Emotions do not make you more or less morally culpable or morally meritorious. They are largely out of your control. It may help if you do not expect your husband to change his feelings, but only expect him to change his actions and hope that his feelings will come along after in due time.
It is a help to feel remorse when you need to repent, but it is not necessary. You also do not have to think what you don’t think or see what you don’t see. In those cases, though, you do have to choose to trust in what you have heard proclaimed as the word of God and act accordingly.
In other words, the necessary act in seeking contrition and reconciliation is an act of will, not an act of emotion or even an feat of intellect. What is necessary is for your husband to decide to turn away from what he did because it is objectively wrong, to choose what he believes is right over what he feels or thinks he knows.
For instance, if someone has a physical affair, they can feel it is right, they can want it, they can feel no regret for the sin in it, and even “be in love” with the person with whom they were unfaithful. As long as the person does not make the choice to return to and wallow in those emotions, the emotions in themselves are not the sin.
What is important is that the person turns from their sin because they choose to believe that the word of God (not to mention thousands of years of human experience) tells them that infidelity is treacherous and morally repugnant. They do not have to see that. They only have to act as if they did see it.
This makes contrition and reconciliation an act of faith in the law of God.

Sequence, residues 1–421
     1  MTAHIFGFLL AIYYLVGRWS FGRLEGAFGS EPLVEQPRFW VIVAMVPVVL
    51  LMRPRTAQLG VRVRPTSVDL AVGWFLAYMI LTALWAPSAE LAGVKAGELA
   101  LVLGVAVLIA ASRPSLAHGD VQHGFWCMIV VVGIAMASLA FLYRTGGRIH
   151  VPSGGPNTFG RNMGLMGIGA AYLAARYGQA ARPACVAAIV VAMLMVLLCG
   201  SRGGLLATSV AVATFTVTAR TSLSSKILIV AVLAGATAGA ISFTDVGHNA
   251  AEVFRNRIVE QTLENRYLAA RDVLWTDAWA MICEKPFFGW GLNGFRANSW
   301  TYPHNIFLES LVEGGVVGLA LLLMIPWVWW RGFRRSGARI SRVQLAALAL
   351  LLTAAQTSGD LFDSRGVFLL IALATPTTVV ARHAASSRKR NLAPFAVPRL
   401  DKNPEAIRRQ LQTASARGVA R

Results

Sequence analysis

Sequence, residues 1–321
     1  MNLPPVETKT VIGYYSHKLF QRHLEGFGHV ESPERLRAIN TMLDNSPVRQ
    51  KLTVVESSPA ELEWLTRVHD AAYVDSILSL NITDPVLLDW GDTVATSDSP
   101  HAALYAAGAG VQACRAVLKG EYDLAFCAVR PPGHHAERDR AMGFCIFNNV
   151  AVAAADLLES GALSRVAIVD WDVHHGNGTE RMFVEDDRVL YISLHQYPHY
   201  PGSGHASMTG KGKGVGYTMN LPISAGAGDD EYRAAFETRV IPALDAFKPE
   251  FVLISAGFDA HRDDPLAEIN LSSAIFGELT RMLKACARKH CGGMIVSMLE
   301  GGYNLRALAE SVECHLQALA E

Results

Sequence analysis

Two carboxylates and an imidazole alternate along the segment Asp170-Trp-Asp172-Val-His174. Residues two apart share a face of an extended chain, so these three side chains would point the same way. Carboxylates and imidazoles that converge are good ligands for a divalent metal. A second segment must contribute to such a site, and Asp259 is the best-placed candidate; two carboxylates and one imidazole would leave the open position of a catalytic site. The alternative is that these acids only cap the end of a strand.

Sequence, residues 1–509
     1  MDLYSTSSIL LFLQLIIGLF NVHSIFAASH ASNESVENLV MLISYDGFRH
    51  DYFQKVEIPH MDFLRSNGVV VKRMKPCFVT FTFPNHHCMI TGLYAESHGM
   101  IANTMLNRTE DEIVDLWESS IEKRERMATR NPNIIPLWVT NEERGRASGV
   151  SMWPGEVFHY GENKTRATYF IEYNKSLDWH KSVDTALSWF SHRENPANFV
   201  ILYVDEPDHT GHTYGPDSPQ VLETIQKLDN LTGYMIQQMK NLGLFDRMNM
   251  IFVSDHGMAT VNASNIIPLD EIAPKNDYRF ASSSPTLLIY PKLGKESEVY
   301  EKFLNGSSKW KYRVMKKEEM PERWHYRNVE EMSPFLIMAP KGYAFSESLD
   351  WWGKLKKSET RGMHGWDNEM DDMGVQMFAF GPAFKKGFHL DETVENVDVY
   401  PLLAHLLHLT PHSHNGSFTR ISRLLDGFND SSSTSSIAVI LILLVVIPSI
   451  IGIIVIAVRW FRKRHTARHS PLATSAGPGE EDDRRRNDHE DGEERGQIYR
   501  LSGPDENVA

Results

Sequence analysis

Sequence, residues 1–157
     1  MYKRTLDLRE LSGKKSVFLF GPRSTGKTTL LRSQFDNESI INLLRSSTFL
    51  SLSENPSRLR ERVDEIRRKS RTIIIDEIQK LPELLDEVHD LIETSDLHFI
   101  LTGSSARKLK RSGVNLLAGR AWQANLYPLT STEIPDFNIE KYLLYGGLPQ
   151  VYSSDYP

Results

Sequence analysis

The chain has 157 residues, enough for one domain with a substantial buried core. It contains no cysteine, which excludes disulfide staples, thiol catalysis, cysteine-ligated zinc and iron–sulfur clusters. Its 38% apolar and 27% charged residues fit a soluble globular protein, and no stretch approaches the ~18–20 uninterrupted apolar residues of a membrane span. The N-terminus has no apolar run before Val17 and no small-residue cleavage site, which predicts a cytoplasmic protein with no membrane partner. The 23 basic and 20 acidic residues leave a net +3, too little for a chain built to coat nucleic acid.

Also, your husband needs to refrain from speech and actions that hurt you, regardless of what his emotion or intellect may call to him to do. He needs to make the choice in favor of what he believes over the choice in favor of his own preference. This means not talking about something that is going to hurt you. If he needs to talk this over for someone (and he does) it would be best for the two of you to get him to his pastor or to a Catholic counsellor, someone who can guide him in his moral dilemma without being hurt by the very fact that he is having it.
If it helps, I know of a man who left an affair under these very circumstances (except that his wife only suspected his infidelity, rather than knowing for sure). He chose to return to her, to honor the vows he made to her, and to start acting in a way that was faithful, even though he very much wanted to leave her for the other woman and really only had feelings for the other woman. He and his wife both got counselling for the problems in their marriage. The other woman, who had problems of her own, he sent to those who could help her, and then cut off the relationship on the grounds that he was exactly what she didn’t need…from an objective perspective, though, not from what he felt about it.
They are now happily married, and in fact their marriage is stronger than ever before.
If your husband decides to act according to his promises and beliefs, instead of following the whims of his emotions and his personal intellect, this can still come out well. It will require much faith and compassion on both your part and his, but it can work out.